VIRGINIA BEACH, Va. - The COVID-19 pandemic has hit communities hard in many different ways.
A new survey shows it's also taken a toll on museums, with some not sure whether they'll be able to keep their doors open.
At the Virginia Museum of Contemporary Art (MOCA), you'd find all sorts of displays.
The museum reopened in July after being closed roughly five months during the pandemic.
“We've had just around 3,000 people come through the museum over the last three months,” Brad Tuggle, Director of Audience Development for Virginia MOCA, said. “Our museum is in a good spot relative to where it could be.”
Tuggle told News 3 the museum had concerns at first.
“There were a lot of furloughs with the museum; we went down to about 40% of our staff,” Tuggle said. “We didn't know if this pandemic was going to shut us down for three months or three years.”
The American Alliance of Museums (AAM) surveyed museums to get a feel for impacts from the pandemic.
“Anecdotally, we knew that museums were significantly impacted by the pandemic the second they had to close their doors,” AAM Director of Marketing and Communications Natanya Khashan said.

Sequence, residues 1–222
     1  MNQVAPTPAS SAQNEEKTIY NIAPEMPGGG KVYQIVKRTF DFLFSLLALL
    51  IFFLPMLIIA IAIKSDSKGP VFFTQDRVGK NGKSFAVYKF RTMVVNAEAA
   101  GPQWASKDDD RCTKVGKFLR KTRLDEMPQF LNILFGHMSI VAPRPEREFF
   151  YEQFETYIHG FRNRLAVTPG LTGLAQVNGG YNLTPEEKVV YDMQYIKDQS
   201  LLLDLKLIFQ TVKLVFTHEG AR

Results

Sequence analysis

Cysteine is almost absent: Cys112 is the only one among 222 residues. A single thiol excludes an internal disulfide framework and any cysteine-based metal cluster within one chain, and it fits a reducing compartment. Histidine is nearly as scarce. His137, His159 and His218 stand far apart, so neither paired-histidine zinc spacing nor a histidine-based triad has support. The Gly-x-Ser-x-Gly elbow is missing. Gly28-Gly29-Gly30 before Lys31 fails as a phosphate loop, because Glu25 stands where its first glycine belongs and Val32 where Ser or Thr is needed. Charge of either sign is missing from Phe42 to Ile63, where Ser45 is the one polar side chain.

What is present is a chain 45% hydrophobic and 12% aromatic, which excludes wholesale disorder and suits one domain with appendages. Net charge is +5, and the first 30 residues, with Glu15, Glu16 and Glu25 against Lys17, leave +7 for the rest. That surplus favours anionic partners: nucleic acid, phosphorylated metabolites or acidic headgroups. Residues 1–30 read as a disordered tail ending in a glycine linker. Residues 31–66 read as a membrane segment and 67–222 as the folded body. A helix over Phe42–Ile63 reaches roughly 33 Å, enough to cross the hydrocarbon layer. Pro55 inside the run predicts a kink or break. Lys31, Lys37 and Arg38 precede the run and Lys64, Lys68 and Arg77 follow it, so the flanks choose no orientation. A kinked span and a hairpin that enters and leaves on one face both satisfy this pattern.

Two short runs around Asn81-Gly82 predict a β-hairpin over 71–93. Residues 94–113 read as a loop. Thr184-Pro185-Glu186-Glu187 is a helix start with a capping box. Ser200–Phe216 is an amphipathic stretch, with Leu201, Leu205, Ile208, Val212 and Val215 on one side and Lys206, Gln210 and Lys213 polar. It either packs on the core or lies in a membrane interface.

Khashan told News 3 at least 750 museum directors responded to the survey in June.
One-third of those responding were not confident they would be able to survive 16 months without additional financial relief, and 16% felt their organization was at a significant risk of permanent closure.
AAM added, during the pandemic, 75% of museums stepped into roles as educators providing virtual education programs and experiences. Two-thirds of directors predicted cuts in education, programming, and other public services due to significant budget cuts.
“It is really unfortunate, and the number isn't surprising because museums have to cut where they can in order to survive the impact of the pandemic,” Khashan said.
Tuggle said funding from the City of Virginia Beach and other partners helped.
“We had a lot of people on staff and the community that in that first month really stepped up,” he said.
He added the museum also launched a virtual museum online for people during the pandemic.
“It really gave us an avenue to get that artwork out to the world, which is what we're here for,” he said.
As they continue on, Khashan hopes many will support other museums around the country during this time.
“Their communities are going to need their museums more than ever to help sustain their economies and their educational systems, and to provide respite and healing as we look towards the recovery in the future,” she said.
This story was first reported by Zak Dahlheimer at WTKR in Norfolk, Virginia.